The discovery of the largest known skeleton of Protemnodon viator, a specimen nicknamed “Old Greg” due to its large size and badly worn teeth, indicates an advanced age. A partial skeleton of Diprotodon, an extinct giant marsupial, is in the foreground. The location is the town of Tedford on Lake Calabona, northeast of the Flinders Ranges in South Australia. Credit: Aaron B Camens, Flinders University (September 2018)

Dr Kerr says the best fossils of this species come from Green Waterhole Cave in south-eastern South Australia, on the lands of the Pontic people. The species name Mamgurra was chosen by Pontic elders and linguists in the Purantis Corporation. It means “big kangaroo”.

He says it is unusual for one species of kangaroo to live in such a diverse environment. “For example, different races Protemnodon It is now known to inhabit a wide range of habitats, from arid central Australia to the forests of Tasmania and New Guinea, to the high rainfall mountains.

The third of the new species, Protemnodon dawsonae, is known from fewer fossils than the other two and is more mysterious. It is often a medium-speed jumper, similar to the swamp wallaby. It is named after the research work of Australian paleontologist Dr Lyndall Dawson, who studied kangaroo structure and fossil material from the “Big Sink”, part of the Wellington Caves in New South Wales, where the species is mainly known.

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Implications of the study

To collect data for the study, Dr. Kerr visited the collections of 14 museums in four countries and examined “every piece of art”. Protemnodon is there. »

“We photographed and 3D scanned over 800 specimens collected from across Australia and New Guinea, took measurements and compared and described them. It was quite an effort. After five years of research, 261 pages and more than 100,000 words, it feels great to finally put it out into the world. I hope this will help further studies Protemnodon will happen, so we can learn more about what these kangaroos were doing. Living kangaroos are already remarkable animals, so it's amazing to think what these particular giant kangaroos could have done.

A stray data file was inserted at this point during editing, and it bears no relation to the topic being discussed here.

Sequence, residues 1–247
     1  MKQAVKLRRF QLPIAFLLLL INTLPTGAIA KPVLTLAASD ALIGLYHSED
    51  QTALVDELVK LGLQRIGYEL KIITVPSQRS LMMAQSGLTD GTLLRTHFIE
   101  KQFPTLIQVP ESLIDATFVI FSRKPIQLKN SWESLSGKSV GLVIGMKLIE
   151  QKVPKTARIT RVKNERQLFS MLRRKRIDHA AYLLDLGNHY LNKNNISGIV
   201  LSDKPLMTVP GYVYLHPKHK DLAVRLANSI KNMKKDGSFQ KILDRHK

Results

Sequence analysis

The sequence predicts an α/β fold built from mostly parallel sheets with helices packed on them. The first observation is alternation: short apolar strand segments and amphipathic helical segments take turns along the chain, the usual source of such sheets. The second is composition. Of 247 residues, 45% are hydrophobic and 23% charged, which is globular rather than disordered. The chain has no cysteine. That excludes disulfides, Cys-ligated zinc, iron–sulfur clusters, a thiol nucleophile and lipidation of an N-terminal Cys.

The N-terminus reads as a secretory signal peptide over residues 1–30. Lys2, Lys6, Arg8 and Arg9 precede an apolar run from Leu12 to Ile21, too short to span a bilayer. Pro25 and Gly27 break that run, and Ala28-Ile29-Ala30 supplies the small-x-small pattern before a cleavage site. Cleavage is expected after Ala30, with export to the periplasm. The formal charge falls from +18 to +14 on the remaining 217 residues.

Isaac Kerr

Paleontologist Isaac Kerr shows the fossilized jaw of the giant kangaroo Protemnodon viator and the much smaller jaw of the largest living kangaroo, the red kangaroo. Credit: Flinders University

when Protemnodon Fossils are very common across Australia, historically found as “isolated” or individual bones without other animals. This hampers the study of paleontologists Protemnodon In the past, it was difficult to tell how many species there were, how to tell them apart—and how species differed in size, geographic distribution, movement, and adaptation to their natural environment.

About 40,000 years ago, everything Protemnodon Extinct from the Australian continent, perhaps persisting for a little longer in New Guinea and Tasmania. This extinction occurred despite differences in their size, adaptations, habitat and geographical distribution.

For reasons still unknown, this does not happen to many similar and closely related animals, such as wallaroos and gray kangaroos. This question may soon be answered by further research, partly aided by this study.

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“It would be great to have some clarity on the identity of race Protemnodon” says Flinders Professor Gavin Prideaux, co-author of the major new paper Megataxa. Fossils of this species are widely and regularly found, but often, you have no way of knowing which species you're looking at. This study will help you be more confident when working with researchers Protemnodon.”

This study was supported by grants from the Australian Research Council and Flinders University and the Australia and Pacific Science Foundation and the Royal Society of South Australia.